A lot of beginning writers think that hating writing means they shouldn’t be writers. I generally think it means they should. I’ve never totally figured it out, but I believe we hate writing because we love it so much. Like, we want it to be good. We know what we want it to be. Why doesn’t it just come out the way we want it to be? This is related to what Ira Glass says is the gap between our standards and how our first drafts look:
All of us who do creative work, we get into it because we have good taste. But there is this gap. For the first couple years you make stuff, it’s just not that good. It’s trying to be good, it has potential, but it’s not. But your taste, the thing that got you into the game, is still killer. And your taste is why your work disappoints you. A lot of people never get past this phase, they quit. Most people I know who do interesting, creative work went through years of this. We know our work doesn’t have this special thing that we want it to have. We all go through this. And if you are just starting out or you are still in this phase, you gotta know its normal and the most important thing you can do is do a lot of work. Put yourself on a deadline so that every week you will finish one story. It is only by going through a volume of work that you will close that gap, and your work will be as good as your ambitions.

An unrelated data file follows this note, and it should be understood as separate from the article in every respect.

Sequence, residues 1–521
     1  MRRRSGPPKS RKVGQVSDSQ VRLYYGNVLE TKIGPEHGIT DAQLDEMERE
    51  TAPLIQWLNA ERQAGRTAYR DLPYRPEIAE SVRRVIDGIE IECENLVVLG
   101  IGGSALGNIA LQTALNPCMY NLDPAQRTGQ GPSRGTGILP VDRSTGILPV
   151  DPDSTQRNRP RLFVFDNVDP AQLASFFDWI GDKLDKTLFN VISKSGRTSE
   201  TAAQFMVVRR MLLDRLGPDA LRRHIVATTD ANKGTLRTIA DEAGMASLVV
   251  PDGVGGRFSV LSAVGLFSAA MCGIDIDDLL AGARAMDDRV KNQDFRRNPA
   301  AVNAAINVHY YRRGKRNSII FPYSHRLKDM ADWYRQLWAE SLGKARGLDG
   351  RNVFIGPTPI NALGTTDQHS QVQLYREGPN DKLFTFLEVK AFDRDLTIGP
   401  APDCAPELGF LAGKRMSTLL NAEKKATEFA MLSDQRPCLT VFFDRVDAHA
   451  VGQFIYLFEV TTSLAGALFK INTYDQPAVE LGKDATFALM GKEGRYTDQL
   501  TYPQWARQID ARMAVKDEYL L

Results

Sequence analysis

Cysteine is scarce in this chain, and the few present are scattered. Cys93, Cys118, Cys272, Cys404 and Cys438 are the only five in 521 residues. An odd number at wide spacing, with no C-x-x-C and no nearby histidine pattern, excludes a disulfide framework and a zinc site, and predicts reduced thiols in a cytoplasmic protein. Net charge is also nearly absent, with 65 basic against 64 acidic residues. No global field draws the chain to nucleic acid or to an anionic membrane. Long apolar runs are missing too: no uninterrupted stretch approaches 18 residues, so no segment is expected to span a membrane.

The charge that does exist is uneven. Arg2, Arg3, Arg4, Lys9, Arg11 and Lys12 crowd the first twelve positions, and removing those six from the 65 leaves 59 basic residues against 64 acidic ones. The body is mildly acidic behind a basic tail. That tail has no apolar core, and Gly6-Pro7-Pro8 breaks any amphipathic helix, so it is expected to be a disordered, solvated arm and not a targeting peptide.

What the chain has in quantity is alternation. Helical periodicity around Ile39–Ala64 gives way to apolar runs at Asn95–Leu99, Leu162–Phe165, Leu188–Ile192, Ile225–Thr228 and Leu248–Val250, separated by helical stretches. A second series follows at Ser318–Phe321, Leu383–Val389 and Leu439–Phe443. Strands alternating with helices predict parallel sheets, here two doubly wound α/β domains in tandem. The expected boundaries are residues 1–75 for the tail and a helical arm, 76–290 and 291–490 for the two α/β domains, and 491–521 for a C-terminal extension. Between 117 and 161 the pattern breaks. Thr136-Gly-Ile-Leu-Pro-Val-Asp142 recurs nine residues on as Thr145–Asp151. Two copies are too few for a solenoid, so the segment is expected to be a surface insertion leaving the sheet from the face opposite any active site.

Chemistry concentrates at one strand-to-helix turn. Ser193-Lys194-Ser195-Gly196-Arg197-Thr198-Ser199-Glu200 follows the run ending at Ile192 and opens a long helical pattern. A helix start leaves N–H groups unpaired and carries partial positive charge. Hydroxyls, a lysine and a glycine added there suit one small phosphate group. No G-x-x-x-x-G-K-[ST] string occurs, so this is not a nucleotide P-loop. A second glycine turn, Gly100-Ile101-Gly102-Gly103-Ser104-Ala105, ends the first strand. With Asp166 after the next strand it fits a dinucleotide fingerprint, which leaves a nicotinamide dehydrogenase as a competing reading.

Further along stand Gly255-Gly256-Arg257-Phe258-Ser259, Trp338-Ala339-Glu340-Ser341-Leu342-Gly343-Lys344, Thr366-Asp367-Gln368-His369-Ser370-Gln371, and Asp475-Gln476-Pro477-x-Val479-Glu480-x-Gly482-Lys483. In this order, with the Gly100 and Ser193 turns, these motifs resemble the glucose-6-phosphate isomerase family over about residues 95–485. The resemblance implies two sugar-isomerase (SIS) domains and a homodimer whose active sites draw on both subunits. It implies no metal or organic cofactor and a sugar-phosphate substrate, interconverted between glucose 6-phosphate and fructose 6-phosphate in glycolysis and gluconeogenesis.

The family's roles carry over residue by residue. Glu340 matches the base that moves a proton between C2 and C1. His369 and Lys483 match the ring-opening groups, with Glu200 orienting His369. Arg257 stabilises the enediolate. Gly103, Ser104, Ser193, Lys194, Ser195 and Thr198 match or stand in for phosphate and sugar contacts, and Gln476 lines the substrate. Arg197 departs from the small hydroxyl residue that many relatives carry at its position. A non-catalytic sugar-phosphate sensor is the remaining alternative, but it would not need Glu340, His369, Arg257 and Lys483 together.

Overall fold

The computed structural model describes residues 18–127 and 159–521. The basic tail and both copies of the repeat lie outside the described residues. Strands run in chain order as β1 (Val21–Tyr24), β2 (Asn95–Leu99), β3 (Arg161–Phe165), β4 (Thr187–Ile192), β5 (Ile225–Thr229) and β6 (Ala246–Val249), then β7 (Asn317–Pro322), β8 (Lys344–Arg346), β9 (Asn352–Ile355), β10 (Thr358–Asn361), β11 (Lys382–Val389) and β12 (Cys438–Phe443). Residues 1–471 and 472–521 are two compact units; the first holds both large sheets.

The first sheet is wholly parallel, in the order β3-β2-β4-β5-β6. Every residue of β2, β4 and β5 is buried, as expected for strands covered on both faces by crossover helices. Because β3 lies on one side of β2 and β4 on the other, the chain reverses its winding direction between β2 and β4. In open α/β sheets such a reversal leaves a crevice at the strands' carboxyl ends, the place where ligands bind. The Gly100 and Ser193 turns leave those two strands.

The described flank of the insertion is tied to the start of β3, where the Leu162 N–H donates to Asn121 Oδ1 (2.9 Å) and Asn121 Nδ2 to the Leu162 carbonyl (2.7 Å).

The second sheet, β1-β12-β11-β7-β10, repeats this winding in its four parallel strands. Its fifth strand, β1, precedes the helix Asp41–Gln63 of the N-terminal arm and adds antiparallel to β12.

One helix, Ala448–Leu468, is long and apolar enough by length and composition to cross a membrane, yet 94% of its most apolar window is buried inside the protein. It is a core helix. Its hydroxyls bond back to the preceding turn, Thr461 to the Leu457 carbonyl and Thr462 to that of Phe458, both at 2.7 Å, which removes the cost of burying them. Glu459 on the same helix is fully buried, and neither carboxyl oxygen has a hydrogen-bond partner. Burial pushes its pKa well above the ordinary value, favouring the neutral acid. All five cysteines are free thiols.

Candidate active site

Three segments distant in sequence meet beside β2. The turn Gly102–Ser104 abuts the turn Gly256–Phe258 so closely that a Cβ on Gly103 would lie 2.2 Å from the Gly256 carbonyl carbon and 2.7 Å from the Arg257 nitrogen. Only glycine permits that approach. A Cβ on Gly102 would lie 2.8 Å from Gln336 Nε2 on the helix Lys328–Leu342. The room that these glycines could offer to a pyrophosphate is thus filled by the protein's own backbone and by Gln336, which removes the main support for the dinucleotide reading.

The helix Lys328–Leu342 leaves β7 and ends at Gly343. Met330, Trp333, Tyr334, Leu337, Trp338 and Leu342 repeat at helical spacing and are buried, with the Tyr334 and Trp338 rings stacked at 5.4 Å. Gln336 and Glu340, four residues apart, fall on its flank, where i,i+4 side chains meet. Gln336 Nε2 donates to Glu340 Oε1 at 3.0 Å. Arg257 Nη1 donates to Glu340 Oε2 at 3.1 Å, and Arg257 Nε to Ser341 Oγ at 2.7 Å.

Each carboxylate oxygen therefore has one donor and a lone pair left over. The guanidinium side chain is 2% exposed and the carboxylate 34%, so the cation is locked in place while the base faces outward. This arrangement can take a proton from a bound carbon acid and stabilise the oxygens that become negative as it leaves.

So we have to keep writing. It’s the only answer. Writers write. Keep writing until the gap narrows. It will.